Squatters’ rights, or adverse possession, are a set of legalities designed when homesteading was popular. The government wrote the Homestead Act of 1862, specifying rights to provide legal support for pioneers who moved onto land they perceived as vacant, built a home, and started raising livestock or growing crops. This was a way for pioneers to expand the amount of land under the U.S. government at the time.
Even though there might have been a time and place for these specific laws, this legislation remains on the books. The idea of moving onto vacant land or an empty home and making it your own still exists, meaning the laws still protect squatters.
The critical point that you should remember about squatters’ rights is that they are eligible to stay on your property unless you have not reported them within a specific period. As a lawful owner, you may not know about squatters at your vacant home for years, but they have the legal right to stay on your property if they pay back taxes, if any, and other necessary fees for the property.
The relations between a squatter and property owners are not the same as between a landlord/owner and a renter. Renting a house or apartment always requires documentation, for example, a basic lease agreement that helps solve any landlord-tenant dispute. Squatters act independently and may pretend to have legal documents that “confirm” their legal occupation of a specific place or land, but these documents certainly do not ensure law enforcement is on their side.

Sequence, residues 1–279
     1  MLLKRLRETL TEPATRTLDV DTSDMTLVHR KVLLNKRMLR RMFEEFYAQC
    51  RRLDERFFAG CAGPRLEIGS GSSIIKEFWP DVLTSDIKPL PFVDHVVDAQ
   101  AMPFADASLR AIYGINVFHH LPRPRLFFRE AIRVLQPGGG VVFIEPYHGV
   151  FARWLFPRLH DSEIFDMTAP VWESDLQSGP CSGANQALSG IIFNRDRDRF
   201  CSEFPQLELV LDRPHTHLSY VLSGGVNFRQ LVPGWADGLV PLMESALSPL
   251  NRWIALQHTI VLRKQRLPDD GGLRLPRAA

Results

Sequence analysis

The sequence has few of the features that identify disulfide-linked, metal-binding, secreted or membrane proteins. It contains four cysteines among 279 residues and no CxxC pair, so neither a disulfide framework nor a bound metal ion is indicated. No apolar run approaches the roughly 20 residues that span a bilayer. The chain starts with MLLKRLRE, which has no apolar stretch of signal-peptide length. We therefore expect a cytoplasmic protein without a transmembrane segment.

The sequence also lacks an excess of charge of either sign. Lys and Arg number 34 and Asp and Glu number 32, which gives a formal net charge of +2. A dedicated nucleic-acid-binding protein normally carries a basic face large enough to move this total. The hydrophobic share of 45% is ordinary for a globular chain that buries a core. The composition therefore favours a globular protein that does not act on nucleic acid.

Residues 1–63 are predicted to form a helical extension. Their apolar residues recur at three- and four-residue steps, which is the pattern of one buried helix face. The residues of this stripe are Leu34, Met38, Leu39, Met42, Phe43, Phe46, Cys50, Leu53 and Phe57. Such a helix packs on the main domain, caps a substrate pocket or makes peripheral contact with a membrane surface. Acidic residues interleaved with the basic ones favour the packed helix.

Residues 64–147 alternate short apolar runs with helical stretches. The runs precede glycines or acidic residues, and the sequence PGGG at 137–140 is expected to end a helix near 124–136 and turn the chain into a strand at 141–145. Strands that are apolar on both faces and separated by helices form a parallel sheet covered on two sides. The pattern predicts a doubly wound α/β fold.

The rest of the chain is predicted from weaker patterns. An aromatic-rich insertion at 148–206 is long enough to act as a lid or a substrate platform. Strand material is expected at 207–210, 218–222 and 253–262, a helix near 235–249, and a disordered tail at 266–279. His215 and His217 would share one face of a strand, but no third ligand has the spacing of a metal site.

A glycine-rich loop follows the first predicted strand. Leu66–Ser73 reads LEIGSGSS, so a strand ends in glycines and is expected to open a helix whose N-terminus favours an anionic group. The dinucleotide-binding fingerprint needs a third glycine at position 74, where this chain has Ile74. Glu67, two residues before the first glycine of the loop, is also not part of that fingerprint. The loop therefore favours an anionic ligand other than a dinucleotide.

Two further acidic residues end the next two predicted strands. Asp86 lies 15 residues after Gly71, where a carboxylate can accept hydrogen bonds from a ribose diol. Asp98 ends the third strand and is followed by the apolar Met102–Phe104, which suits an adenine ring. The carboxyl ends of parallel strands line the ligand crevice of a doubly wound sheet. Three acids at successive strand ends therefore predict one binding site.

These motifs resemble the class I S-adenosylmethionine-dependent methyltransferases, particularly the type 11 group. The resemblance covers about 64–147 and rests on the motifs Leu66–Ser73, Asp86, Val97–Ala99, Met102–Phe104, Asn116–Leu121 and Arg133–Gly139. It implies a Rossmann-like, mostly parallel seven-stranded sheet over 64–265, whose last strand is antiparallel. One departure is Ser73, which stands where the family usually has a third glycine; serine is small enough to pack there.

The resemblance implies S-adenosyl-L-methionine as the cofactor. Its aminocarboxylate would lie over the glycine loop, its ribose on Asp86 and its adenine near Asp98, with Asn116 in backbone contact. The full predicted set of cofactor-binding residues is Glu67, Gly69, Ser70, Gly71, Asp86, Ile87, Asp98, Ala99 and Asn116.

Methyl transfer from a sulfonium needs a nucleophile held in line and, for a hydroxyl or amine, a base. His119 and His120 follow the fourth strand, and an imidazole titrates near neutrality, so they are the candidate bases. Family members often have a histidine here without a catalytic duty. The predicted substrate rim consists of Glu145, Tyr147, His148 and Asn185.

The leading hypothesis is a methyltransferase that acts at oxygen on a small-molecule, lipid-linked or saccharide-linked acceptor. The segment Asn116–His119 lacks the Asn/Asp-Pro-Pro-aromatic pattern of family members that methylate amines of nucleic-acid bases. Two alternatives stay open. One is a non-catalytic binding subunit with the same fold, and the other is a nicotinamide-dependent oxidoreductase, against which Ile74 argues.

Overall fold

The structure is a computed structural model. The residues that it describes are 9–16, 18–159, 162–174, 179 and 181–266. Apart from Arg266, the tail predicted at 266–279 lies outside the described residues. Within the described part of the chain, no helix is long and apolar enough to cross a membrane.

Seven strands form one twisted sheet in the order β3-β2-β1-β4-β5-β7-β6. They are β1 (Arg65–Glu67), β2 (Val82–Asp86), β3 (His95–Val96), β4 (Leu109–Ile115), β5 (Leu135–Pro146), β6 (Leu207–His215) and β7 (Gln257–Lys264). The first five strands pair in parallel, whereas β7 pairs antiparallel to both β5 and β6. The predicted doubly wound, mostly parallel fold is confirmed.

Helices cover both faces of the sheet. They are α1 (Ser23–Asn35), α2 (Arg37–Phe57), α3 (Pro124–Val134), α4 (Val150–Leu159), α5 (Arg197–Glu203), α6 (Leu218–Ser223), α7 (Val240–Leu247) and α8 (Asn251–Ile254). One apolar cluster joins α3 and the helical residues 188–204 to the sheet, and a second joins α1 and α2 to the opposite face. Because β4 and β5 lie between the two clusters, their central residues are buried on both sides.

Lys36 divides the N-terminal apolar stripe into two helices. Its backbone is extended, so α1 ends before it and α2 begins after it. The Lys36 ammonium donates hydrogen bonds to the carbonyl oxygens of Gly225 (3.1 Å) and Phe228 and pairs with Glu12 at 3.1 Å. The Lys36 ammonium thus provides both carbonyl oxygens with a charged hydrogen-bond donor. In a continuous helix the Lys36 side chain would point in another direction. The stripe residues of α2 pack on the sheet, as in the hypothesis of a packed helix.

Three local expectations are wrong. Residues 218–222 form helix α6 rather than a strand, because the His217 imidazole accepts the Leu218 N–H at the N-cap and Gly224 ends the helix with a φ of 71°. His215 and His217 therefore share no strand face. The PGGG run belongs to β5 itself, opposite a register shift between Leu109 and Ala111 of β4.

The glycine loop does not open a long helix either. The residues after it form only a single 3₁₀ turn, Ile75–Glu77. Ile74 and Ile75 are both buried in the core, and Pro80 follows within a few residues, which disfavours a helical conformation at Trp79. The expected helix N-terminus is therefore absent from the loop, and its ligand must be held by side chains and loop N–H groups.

Nevertheless, you cannot remove squatters without an official eviction notice. You cannot use violence against adverse possessors, either. Otherwise, they can file a lawsuit against you. A court may not consider your statements that you were protecting your property as valid.